The Rotor Systems Research Aircraft (RSRA) X-Wing, produced by Sikorsky Aircraft, is certainly an odd bird. First produced in in the 1980s, this plane was an experimental hybrid of both a helicopter and a fixed-wing aircraft.
Only two were built by the Sikorsky Aircraft Division of United Technologies Laboratories for NASA and the Army. It was developed with the intent of allowing the characteristics of a helicopter rotor's in-flight measurements. The goal was to create an aircraft with the hovering abilities of a helicopter and the speed of an airplane.
It has the promise of breaking the trend of VTOL aircraft where higher speed requires higher hovering disc loadings (weight of the aircraft divided by the area of the rotor disc, expressed as lbs./sq.ft.) Additionally, it can achieve fixed wing flight without the need for a separate wing, promising a lower weight empty fraction (empty weight/gross weight) over those concepts that need both a rotor system and a wing. -Sikorskyarchives.com
Equipped with low-hovering disk loading and high subsonic speed flight power, an X-Wing with two engines had the ability to both hover and fly most of its flight on just one engine.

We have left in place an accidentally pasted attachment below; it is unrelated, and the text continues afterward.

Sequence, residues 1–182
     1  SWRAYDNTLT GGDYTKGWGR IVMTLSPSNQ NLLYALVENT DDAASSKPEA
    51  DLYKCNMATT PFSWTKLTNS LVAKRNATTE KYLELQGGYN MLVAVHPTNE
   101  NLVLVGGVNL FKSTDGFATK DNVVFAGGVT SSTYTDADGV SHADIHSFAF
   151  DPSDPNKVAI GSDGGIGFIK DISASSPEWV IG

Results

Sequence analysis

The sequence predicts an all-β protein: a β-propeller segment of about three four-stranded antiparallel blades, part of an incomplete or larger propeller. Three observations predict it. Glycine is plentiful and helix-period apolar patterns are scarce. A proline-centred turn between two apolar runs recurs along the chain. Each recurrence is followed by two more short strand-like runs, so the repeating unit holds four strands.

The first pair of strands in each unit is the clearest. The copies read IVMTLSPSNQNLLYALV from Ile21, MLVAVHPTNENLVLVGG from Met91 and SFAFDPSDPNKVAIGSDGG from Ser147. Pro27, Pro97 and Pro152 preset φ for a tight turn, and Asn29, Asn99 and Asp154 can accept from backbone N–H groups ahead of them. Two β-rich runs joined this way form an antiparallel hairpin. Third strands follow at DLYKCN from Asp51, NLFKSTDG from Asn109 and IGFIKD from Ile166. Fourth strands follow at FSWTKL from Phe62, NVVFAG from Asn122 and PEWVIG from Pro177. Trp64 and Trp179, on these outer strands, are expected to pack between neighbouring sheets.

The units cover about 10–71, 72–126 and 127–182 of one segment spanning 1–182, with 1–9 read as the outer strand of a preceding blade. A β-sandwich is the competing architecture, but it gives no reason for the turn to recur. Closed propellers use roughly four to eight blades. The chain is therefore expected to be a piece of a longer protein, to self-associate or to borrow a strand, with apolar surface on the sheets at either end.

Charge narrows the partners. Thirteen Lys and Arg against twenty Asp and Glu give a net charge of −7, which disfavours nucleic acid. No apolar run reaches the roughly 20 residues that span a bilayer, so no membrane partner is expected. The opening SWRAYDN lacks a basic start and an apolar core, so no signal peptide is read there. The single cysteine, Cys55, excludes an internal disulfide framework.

The idea started with a Professor from England named Ian Cheeseman. He utilized the Coanda principle to create a winged aircraft that could stop and start in flight only for takeoff and landing. Otherwise, he intended for the rotor to be stowed during flight for efficient cruising.
The idea was then elaborated on by David W. Taylor of the U.S. Navy's Research and Development Center to create the X-Wing concept. Then, in 1976, the Defense Advanced Research Projects Agency joined the X-Wing development project.
Development and Testing
Between 1976 and 1979, extensive tests were conducted on a small flight test vehicle and success led to a contract with Sikorsky in 1982. This would prove to be one of the most technically challenging concepts Sikorsky would work on.
Testing began at Sikorsky in 1985 through 1986, and in August of 1986, the X-Wing was introduced. It then began flight tests with NASA's Dryden Flight Test Research Facility at Edwards Air Force Base in California.
Further tests were planned but, in 1987, everything came to a sudden stop when Government funding was terminated due to more pressing issues that needed funding.
Still, many obstacles were overcome in the few years this aircraft underwent testing. Work done on the X-Wing had a great impact on technologies that advanced today's aircraft.
Maybe one day, with continued work and testing, an X-Wing will be introduced into service.